Monday, November 7, 2011

Wilfred Owen

Wilfred Owen (1893—1918) is considered the leading poet of the First World War. When he was a student, serving as an assistant to the Vicar of Dunsden, he became disillusioned with the Chruch of England because of the lack of care for the poor. Although he entered the war optimistically, his experiences — including shell shock — soon changed him.

He was critical of the European tradition of propagandist poetry that glorified war, and its naive acceptance by his own generation. He upheld a poetry of truth, criticizing the artists and intellectuals who chose to serve partisanship. He was also critical of national churches for betraying the Christian message, and twisting the teachings of Christ to justify politics. He interpreted one of Christ’s instructions as: “Passivity at any price! Suffer dishonour and disgrace, but never resort to arms...”.

His poetry is often characterized by irony and sarcasm: In “The Parable of the Old Man and the Young” Owen has the angel tell “Abram” — “Offer the Ram of Pride instead of him.” Owen then twists the Biblical story into a new parable, making the patriarch a parliamentarian:
-----But the old man would not so, but slew his son,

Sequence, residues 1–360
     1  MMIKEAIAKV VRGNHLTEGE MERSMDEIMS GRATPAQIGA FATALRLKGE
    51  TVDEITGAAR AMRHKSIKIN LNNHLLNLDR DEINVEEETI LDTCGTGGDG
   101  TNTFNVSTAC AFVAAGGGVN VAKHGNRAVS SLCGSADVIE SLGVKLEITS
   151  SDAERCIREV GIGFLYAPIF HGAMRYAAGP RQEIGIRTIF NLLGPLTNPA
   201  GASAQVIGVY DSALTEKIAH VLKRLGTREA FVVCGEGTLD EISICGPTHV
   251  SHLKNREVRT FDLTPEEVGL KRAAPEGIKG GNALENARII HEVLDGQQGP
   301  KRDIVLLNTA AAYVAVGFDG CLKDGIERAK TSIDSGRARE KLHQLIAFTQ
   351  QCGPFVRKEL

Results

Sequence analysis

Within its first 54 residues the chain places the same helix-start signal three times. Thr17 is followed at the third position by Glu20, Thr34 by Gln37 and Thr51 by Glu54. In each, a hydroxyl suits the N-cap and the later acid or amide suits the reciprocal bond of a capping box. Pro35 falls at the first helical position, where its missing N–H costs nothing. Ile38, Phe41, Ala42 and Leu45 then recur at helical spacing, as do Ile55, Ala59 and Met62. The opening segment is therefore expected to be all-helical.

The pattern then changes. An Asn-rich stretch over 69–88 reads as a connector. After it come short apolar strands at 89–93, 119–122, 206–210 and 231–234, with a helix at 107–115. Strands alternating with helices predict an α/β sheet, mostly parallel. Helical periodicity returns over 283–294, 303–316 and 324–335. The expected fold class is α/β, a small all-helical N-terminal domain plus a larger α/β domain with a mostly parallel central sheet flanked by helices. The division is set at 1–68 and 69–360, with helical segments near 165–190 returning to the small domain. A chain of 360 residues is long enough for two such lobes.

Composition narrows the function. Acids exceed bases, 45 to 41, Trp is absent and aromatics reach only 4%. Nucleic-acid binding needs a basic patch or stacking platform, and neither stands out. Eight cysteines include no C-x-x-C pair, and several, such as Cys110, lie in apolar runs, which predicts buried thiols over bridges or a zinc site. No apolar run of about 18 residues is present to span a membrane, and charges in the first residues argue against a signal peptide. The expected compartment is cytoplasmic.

-----And half the seed of Europe, one by one.

Similarly those who claim to represent God are portrayed in the following poem:

Soldier’s Dream

I dreamed kind Jesus fouled the big-gun gears;
And caused a permanent stoppage in all bolts;
And buckled with a smile Mausers and Colts;
And rusted every bayonet with His tears.

And there were no more bombs, of ours or Theirs,
Not even an old flint-lock, not even a pikel.
But God was vexed, and gave all power to Michael;
And when I woke he'd seen to our repairs.

In 1917 he wrote, “Christ is literally in no man’s land. There men often hear his voice. Greater love hath no man than this, that a man lay down his life — for a friend...” and that it wasn't only the allies who heard that voice.

Wilfred Owen was killed by an enemy bullet, on 4 November 1918, just one week before the end of the war. The following, one of his best known poems, may suggest that the church had no place at the front lines, because it had sent young men to their deaths.

Anthem For Doomed Youth

What passing-bells for these who die as cattle?
Only the monstrous anger of the guns.
Only the stuttering rifles' rapid rattle
Can patter out their hasty orisons.
No mockeries for them; no prayers nor bells,
Nor any voice of mourning save the choirs,—
The shrill, demented choirs of wailing shells;
And bugles calling for them from sad shires.

What candles may be held to speed them all?
Not in the hands of boys, but in their eyes
Shall shine the holy glimmers of goodbyes.
The pallor of girls' brows shall be their pall;
Their flowers the tenderness of patient minds,
And each slow dusk a drawing-down of blinds.

Entry written by D.S. Martin. He is the award-winning author of the poetry collections Poiema (Wipf & Stock) and So The Moon Would Not Be Swallowed (Rubicon Press). They are both available at: